Erin Mersino, TMLC’s lead counsel on the case filed the original complaint for Declaratory Judgment and Injunctive relief on December 14, 2012.  On December 21, 2012,   Mersino filed the Emergency Motion for Temporary Restraining Order.

Judge Zatkoff issued his ruling amid a flurry of briefs and supplemental pleadings over the Christmas Holiday between Erin Mersino and the Government’s attorney.  The need for quick resolution was clear—on January 1, 2013, Tom Monaghan would be forced to choose between violating his religious beliefs and violating federal law.

For purposes of the emergency Motion, Judge Zatkoff focused only on the claim brought under the Religious Freedom Restoration Act.  He held he did not need to engage in a separate discussion of Plaintiffs’ Constitutional right to the Free Exercise of Religion since both theories seek to protect the same liberty interest—the free practice of one’s religion.

The Government is expected to appeal Judge Zatkoff’s ruling. ...

The full ruling's text makes it clear that Judge Zatkoff understood the emergency nature of Monaghan's restraining order request while making other important legal points:

Courts, however, may grant a preliminary injunction even where the plaintiff fails to show a strong or substantial probability of success on the merits, but where he at least shows serious questions going to the merits and irreparable harm which decidedly outweighs any potential harm to the defendant if the injunction is issued.

... it is sufficient for the Court to find that Monaghan may bring a claim under the RFRA based on his argument that the mandate requires him to perform an act that is at odds with his religious beliefs.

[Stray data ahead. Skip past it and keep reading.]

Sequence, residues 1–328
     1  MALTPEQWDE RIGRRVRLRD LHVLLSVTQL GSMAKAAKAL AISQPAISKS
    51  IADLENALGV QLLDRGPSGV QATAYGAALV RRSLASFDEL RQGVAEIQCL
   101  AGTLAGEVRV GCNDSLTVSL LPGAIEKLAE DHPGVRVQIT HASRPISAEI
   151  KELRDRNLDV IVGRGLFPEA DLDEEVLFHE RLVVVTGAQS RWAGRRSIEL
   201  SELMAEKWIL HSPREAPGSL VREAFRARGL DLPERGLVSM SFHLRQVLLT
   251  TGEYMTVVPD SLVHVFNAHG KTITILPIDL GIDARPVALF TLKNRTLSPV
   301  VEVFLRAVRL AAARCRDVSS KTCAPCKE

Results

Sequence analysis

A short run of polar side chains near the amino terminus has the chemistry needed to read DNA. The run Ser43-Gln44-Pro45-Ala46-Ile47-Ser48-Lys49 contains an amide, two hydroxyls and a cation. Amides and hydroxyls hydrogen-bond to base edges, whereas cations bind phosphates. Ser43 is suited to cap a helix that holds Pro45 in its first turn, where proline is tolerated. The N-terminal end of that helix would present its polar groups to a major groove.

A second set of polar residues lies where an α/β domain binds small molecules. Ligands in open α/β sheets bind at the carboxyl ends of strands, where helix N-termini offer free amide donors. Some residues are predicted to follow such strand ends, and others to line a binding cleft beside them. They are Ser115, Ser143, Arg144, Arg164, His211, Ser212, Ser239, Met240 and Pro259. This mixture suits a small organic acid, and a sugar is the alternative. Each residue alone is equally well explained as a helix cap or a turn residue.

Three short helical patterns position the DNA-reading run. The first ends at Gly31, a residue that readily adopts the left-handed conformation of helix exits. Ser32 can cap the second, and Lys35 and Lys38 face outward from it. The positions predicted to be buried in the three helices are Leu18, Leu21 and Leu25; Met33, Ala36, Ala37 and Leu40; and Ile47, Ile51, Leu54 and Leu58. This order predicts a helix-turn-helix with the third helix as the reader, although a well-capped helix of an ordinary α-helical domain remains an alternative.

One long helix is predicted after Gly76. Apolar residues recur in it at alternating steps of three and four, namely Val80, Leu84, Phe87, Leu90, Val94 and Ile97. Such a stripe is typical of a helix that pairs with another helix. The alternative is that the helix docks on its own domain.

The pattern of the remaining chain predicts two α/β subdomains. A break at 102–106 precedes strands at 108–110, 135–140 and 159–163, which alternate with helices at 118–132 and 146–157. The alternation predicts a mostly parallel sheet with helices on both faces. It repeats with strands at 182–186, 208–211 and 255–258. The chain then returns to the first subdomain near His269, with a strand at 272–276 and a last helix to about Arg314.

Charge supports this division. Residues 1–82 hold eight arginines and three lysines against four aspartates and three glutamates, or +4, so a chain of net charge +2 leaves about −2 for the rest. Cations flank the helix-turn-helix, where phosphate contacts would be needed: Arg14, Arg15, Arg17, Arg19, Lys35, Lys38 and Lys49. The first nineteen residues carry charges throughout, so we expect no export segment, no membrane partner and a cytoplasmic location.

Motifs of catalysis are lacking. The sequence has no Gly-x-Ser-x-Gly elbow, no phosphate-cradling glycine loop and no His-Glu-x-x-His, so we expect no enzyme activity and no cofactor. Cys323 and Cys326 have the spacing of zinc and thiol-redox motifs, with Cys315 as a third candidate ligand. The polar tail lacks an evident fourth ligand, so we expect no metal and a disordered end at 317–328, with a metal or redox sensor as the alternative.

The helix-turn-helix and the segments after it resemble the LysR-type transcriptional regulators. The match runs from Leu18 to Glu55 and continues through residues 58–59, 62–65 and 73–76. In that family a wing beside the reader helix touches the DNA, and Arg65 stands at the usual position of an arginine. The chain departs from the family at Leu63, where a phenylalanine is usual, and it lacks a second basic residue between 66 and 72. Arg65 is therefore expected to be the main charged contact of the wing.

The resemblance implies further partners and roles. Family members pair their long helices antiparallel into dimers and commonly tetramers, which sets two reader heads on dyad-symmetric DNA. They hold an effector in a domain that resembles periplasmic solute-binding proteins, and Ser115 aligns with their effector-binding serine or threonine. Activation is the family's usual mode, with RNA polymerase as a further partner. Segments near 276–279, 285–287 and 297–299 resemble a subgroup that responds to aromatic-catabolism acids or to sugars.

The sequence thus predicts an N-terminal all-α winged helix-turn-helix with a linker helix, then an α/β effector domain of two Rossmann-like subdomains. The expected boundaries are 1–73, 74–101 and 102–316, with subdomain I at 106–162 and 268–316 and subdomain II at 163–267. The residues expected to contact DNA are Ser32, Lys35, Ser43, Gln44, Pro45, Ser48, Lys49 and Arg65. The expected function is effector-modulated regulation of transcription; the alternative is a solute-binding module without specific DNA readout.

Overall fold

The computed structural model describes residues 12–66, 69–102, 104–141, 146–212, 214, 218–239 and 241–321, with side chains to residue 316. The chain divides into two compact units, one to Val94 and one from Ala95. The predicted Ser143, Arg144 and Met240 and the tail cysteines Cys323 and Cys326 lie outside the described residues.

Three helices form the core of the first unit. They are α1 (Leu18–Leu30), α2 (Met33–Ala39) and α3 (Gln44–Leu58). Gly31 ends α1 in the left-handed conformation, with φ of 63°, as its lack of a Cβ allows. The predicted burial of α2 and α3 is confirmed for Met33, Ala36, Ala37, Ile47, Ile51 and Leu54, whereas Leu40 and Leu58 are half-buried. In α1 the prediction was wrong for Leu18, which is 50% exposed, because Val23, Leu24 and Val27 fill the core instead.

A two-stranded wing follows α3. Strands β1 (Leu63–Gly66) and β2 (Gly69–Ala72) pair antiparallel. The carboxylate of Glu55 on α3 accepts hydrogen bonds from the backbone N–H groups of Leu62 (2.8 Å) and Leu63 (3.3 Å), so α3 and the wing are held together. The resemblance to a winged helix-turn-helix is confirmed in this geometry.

... Monaghan asserts that acting to have his company provide such coverage would cause him to commit a grave sin according to his (Catholic) religious beliefs. This argument is well-taken, since DF cannot act (or sin) on its own.

... The Supreme Court has held that “putting substantial pressure on an adherent to modify his behavior and to violate his beliefs” substantially burdens a person’s exercise of religion.

In sum, Zatkoff is saying: 1) Monaghan didn't have to prove his case to get his TRO; 2) He has a right to argue his case based on the Religious Freedom Restoration Act (RFRA); 3) Monaghan has a strong argument that compliance on even a temporary basis would cause harm; and 4) The Supreme Court has in essence previously said that courts should not do anything which "burdens a person’s exercise of religion" until matters are finally settled. If forcing one to choose between $200,000 per year in fines (plaintiffs' estimate based on ObamaCare's rules and regulations) and violating one's religious beliefs isn't "substantial pressure," I don't know what is.

Critically, AP has thus far failed to question why Supreme Court Justice Sonia Sotomayor refused to grant a TRO to Hobby Lobby, which is only questioning a portion of the contraception mandate and not its entirety, and which faces fines amounting to $1.3 million per day.

Judge Zatkoff's points are so obvious that one is left wondering what other motivations are behind why Sotomayor ruled as she did. After all, if forcing one to choose between $1.3 million in daily fines and violating one's religious beliefs isn't "substantial pressure," I don't know what is. An agenda outside of the law would appear to be the only reasonable explanation for Sotomayor's decision. One would hope that AP and others in the establishment press will note the stark contrast, but I suspect that is a completely vain wish.

AP may improve itself in subsequent revisions, but the damage involved in failing to get it right when the news breaks and instead indulging its perverse Bain fetish is done. Subsequent revisions won't get as much attention, especially in broadcast reports.

Cross-posted at BizzyBlog.com.